Daniel Cohen, an attorney representing the company, said AGC was unaware until recently that the council would be voting on the resolution that allows the Bayonne Planning Board to start making definitive plans for the area.
The Planning Board unanimously endorsed an expansion of the redevelopment zone in early January allowing part of the chemical company's property to be included.
Cohen argued against the passing of a council resolution saying that the city had upped the amount of AGC property from 11.2 acres to 17 acres - which would interfere with the company's plan to expand.
While city officials were careful to say that they were not "taking" the property by starting the redevelopment plan, the term has been used to highlight the very controversial policy of forcing property owners to sell land for either preservation or redevelopment.
While city officials said AGC would benefit from this forced sale because the largely unused property would likely increase in value once the redevelopment plans got underway, Cohen said the company needed more time to discuss what exactly the city wanted since the city increased the number of acres it wanted.
AGC initially asked to be included the redevelopment of the area when unveiled by planning board officials because the company might benefit from the designation, but Cohen said the company wanted to give up only 10 acres not the 11.2 acres the city initially sought to include. In late November, the company discovered the city wanted even more acreage to accommodate the request of a redevelopment company that intended to build a mall in the area.
The plan adopted in September by the Planning board included a total of 35 acres - including vacant parcels owned by AGC. The plan adopted in December, added more acres to the redevelopment zone, and took a larger bite out of property owned by AGC. While Councilman Ted Connolly, who also serves on the Planning Board, agreed to amend the plan to reduce the amount of property the city proposes for the zone, Cohen said the company wants more discussion as to the benefits of whether or not the total proposed land should be left in or portions taken out.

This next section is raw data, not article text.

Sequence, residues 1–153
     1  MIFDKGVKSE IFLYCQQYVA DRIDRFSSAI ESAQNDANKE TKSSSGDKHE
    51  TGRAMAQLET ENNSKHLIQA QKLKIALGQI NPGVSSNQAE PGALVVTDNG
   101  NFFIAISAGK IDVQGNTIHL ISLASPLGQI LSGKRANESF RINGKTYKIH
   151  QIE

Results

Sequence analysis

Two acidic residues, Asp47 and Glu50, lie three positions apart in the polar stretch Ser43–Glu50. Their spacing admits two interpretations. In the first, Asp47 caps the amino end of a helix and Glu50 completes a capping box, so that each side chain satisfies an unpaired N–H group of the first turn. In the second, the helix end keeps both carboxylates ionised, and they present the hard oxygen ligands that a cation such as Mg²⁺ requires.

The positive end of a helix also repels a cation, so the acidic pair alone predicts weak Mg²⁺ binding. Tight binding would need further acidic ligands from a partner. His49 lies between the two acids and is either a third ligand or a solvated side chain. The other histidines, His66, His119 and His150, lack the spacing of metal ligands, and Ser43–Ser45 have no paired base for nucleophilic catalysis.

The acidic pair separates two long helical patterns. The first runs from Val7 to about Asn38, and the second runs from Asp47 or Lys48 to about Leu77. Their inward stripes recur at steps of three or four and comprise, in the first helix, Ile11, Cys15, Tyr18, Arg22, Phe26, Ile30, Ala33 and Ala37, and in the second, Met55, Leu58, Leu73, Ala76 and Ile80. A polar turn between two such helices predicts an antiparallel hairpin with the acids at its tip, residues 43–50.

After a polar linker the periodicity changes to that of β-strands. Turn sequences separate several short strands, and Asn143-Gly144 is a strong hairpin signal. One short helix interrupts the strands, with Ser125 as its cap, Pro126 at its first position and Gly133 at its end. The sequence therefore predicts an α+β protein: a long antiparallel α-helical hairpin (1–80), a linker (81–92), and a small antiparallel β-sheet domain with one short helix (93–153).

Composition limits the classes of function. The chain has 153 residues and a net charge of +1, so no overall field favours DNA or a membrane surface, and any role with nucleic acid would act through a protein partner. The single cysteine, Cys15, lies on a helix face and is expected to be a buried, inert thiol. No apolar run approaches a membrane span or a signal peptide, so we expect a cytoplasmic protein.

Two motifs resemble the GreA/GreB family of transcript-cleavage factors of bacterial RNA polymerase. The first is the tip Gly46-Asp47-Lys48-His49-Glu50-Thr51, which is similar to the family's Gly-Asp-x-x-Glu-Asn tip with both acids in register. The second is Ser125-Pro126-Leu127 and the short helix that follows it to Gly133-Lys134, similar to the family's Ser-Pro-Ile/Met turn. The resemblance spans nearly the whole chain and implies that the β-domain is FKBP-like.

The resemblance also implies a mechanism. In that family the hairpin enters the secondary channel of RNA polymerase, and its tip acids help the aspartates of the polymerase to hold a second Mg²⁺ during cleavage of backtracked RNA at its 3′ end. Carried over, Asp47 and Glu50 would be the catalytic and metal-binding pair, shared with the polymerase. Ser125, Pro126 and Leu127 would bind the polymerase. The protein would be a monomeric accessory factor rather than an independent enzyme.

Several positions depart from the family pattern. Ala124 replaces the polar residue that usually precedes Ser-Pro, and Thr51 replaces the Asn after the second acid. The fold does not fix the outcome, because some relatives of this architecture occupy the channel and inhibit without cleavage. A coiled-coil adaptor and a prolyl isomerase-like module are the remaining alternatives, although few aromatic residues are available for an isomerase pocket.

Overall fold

"We do not yet know whether we want all of our property, some of our property or none of our property included," Cohen said.
This is just the beginning
While Jay Coffey, the director of the City's Law Department, said the resolution only began a process that could be amended later, Cohen and AGC's Vice President Bear (who refused to give her full name to the press), however, said they wanted the delay in order to more fully understand the impact of the development plans as to whether they wanted all, some or any of their property included in their plans.
Mayor Joseph Doria, who made a hurried appearance, accused the company of stalling and said attorney who regularly attended the Planning Board hearings was as unprepared to answer questions as Cohen was, and Doria blamed the company for deliberately not being forthcoming with information.
During the council meeting, Cohen said he had been led to believe that the vote would not take place, something numerous city officials, council members and the mayor flatly refuted.
Council members - including Councilman John Halecky said the property had been neglected for decades and that the redevelopment plan would bring a mall project that would increased tax payments to the city, provide residents with jobs and make good use of a property that is largely vacant now. By designating the area a redevelopment zone, they give themselves the legal right to take it by eminent domain if it comes to that.